In the third presidential debate on Thursday, Republican candidate Donald Trump defended his seemingly unrealistic growth forecasts for the US economy, which has expanded at a tepid pace in recent years.
In response to moderator Chris Wallace’s question that Trump’s economic numbers don’t add up, Trump defended and even amplified his out look for US GDP growth.
“We’re bringing GDP from really 1%, which is what it is now,” he said. “We’re bringing it from 1% to 4%. And I actually think we can go higher than 4%. I think you can go to 5% or 6%,” Trump said.
Over the last decade in the US, GDP growth has slowed to 1.6% annually, compared to an annual pace of 3.5% from 1956 to 2006.
So how realistic is Trump’s promise for growth?
The US is not likely to hit those targets, according to RBC’s Jonathan Golub.
The main reason? The US population is not growing at levels it used to, putting downward pressure on labor force workforce growth.
Trump pointed to higher growth levels in other countries.
“I just left some high representatives in India. They’re growing at 8%. China is growing at 7% and that for them is a catastrophically low number,” he said.
But Trump’s comparison of the US (with 320 million people) to developing nations like China (with 1.4 billion people) and India (with 1.3 billion people) may not add up either.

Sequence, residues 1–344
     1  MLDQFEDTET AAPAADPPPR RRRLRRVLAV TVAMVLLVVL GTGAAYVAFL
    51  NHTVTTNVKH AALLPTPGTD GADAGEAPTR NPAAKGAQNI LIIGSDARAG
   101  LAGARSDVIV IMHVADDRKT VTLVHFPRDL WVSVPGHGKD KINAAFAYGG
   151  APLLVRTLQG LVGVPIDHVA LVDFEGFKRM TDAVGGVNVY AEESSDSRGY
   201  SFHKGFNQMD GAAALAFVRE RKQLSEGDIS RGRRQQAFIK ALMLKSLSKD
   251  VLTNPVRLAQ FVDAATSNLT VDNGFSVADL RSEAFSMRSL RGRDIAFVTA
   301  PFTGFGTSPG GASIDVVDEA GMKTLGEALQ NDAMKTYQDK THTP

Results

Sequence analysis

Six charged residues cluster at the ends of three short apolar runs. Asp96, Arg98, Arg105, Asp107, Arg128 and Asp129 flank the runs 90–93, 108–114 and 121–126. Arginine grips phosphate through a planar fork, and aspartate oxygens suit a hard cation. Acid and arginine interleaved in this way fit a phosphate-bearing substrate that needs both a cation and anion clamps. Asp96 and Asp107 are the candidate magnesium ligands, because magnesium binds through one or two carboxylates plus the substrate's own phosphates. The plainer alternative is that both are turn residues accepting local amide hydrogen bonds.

The US population is growing at 4.7%, according to RBC, lower than China’s 5.4% growth and India’s 13.0% growth.
This doesn’t even factor in labor force growth higher than population growth from China and India—both developing nations—as large groups move from rural areas to urban areas. (Meanwhile, the reliability of Chinese economic data continues to be scrutinized).
The US, meanwhile, has to grapple with opposite dynamics. As Golub explained, the labor force expanded more rapidly than the population from 1960 through 2006, as women entered the workforce in increasing numbers, a trend that is now tapering.
Currently, productivity in the US remains depressed, as shown in the chart below.
More normalized productivity levels of 1.5-2% would not give the US the boost necessary for a big shift in growth.
“Even if productivity were to improve meaningfully, it is hard to see how economic growth could achieve its prior heights given this decline in workforce growth,” Golub said.
And while some of Trump’s proposed economic policies—including decreasing taxes, increasing incentives and reigning in regulation—could boost productivity, Golub said that the candidate’s protectionist policies could counteract some of these efforts.
The emergence of China helped US growth, according to Golub, as US exports increased. As industrial activity has slowed in China since 2003, this has impacted US growth negatively—something that would be more significant if trade is hindered.
Meanwhile, the US has to contend with a “new normal” of lower leverage.
As Golub explained, it was the introduction of mortgage-backed securities (MBS) and collateralized mortgage obligations (CMO) in the early 1980s that resulted in a dramatic increase in debt-financed construction activity.
“This paved the way for a multi-decade housing boom, an enormous contributor to US GDP,” Golub said.
The bottom line: Trump’s outlook for super-sized GDP growth may not be realistic, especially when combined with protectionist policies.
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